Riding shotgun in a final-stage Mercedes EQC prototype in Melbourne left us impressed by its refinement, cohesiveness and interior design. The first Benz EV sold here is almost certain to convert many.
Mercedes-Benz will soon launch its first full-electric vehicle in Australia, the EQC. To build interest, the company has imported a test prototype version – essentially the same as the imminent production model – for customers and media to take a look at.
We’ll make it clear from the get-go that we’re not pretending this is a full review. We spent an hour with the EQC’s chief vehicle tester Karl Scheible (overseeing millions of kilometres from Sweden to Death Valley) being ferried around. We’ll take it.
This GLC-sized crossover will hit the market in October as Daimler’s alternative to the Jaguar I-Pace, Tesla Model X and Audi e-tron quattro, though the main target will be existing Mercedes owners keen to make the switch to zero (local) emissions cars.
You can expect the EQC to be priced around $150,000, placing it between the Mercedes-AMG GLC43 and GLC63 performance SUVs in the pecking order. When put that way it seems less of an outlier, and should line up against its rivals well enough.
The EQC is just the first of many Daimler EVs planned, with seven Mercedes EQ-branded models due by 2022. Most of these will be coming to the Australian market, where the company enjoys the status of top-selling luxury car brand.
Mercedes Australia has reason to be confident with its EQ family, having taken hundreds of ‘expressions of interest’ in the EQC from its existing petrol- and diesel-powered owner pool.
With the cost impediments of EVs still abundantly clear in entry models like the $50,000 Nissan Leaf – each kWh of usable battery power adds around $200 to $250 to the cost, meaning a battery pack costs anywhere between $6000 and $20,000 – it's vital that luxury brands lead the charge.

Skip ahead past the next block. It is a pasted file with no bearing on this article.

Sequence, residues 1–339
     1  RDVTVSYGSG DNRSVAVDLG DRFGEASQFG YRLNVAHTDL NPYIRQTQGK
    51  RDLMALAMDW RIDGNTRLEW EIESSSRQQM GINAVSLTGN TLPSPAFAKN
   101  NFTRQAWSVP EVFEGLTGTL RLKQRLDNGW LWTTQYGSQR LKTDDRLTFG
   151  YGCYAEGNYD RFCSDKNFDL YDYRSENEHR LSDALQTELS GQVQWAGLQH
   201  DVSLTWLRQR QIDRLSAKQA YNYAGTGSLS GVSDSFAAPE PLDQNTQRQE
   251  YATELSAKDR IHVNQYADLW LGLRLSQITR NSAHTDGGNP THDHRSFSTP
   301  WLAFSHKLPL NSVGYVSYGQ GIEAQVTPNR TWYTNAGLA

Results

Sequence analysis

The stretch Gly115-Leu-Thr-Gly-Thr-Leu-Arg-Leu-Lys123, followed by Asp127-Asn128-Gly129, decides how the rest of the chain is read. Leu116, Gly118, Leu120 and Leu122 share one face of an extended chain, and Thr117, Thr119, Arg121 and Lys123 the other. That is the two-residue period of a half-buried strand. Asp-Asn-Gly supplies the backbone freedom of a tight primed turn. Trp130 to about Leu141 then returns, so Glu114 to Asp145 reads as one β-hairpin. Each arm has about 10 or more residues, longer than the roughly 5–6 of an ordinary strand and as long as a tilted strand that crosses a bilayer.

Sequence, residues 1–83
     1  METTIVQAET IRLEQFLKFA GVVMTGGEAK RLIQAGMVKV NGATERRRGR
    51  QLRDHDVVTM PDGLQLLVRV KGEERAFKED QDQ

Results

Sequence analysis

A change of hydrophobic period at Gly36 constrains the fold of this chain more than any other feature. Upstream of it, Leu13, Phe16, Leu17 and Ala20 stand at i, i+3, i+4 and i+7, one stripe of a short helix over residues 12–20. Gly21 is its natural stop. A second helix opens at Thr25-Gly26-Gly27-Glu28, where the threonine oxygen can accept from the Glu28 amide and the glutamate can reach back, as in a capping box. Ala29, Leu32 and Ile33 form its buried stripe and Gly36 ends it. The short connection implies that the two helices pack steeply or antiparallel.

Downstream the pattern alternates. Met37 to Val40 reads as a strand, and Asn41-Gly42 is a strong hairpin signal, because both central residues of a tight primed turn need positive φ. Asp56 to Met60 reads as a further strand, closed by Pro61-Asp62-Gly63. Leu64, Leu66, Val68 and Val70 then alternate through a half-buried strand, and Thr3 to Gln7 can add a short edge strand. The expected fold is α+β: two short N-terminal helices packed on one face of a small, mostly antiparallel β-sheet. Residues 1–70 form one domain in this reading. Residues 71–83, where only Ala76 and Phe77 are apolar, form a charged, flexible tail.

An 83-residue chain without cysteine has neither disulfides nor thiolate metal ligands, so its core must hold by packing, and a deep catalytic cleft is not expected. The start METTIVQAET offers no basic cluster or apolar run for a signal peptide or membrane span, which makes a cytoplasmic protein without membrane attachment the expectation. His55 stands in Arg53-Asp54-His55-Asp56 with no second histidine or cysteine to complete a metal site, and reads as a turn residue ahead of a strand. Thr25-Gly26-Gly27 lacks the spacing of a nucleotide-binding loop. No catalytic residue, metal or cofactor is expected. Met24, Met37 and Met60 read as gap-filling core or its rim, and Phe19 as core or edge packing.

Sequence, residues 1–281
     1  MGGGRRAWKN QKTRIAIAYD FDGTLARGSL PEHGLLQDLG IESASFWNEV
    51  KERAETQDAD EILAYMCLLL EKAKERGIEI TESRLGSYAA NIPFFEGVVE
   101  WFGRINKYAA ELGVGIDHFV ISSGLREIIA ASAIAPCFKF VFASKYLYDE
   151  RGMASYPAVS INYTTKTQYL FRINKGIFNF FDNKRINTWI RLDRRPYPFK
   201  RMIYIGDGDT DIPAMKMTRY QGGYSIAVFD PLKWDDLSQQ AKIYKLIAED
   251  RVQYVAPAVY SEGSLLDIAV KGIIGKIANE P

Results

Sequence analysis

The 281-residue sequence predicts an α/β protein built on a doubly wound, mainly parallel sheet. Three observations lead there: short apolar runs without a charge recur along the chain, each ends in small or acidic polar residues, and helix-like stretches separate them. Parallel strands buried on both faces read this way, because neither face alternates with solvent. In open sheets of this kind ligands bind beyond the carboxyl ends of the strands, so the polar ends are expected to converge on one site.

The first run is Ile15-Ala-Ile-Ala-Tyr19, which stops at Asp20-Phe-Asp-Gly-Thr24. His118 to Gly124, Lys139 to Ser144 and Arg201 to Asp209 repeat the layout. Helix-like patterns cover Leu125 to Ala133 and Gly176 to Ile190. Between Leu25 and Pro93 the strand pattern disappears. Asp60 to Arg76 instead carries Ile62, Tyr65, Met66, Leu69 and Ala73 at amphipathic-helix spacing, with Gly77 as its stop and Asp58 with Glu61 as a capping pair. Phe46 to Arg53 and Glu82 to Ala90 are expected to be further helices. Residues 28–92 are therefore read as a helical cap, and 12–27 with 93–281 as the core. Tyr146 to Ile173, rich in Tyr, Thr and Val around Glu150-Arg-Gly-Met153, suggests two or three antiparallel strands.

The EQC packs a 650kg array of lithium-ion batteries in the floor, made by LG but put together by a Daimler subsidiary in Germany, before being sent to the EQC assembly line in Bremen. They have usable energy of 80kWh, and power two asynchronous motors, one on each axle.
The combined system outputs of these paired motors are 300kW peak power (408hp) and 765Nm of maximum instantaneous torque, with the car’s electronic brain able to run the car using the front motor, the rear motor, or both at any ratio. That’s all-wheel drive without the driveshaft.
The 0–100km/h sprint time is 5.1 seconds, and the maximum driving range is either 450km (NEDC) or “more than 400km” on the superior WLTP cycle, despite NEDC consumption of 22.2kWh/100km before brake-energy recuperation, adjustable through five modes from coasting through to one-pedal driving.
You may note that this makes it slower than a Model X and has a lower claimed range than the I-Pace. Mercedes counters this by saying the comfort and quietness are more important than sprint bragging rights, and that maximum range is less important than charging time and plug availability. Yet, for a Mercedes product not to lead the pack in some way goes contrary to the brand’s ethos.
Charging? A public (à la Tritium) DC charger will top you up from 10 per cent to 80 per cent in just 40 minutes, while you can add 150km of range over a cup of coffee, and a wall box with a 7.4kW onboard cable will be sold with the car for overnight charging. The infotainment system also has live traffic updates and takes you to nearby charging stations.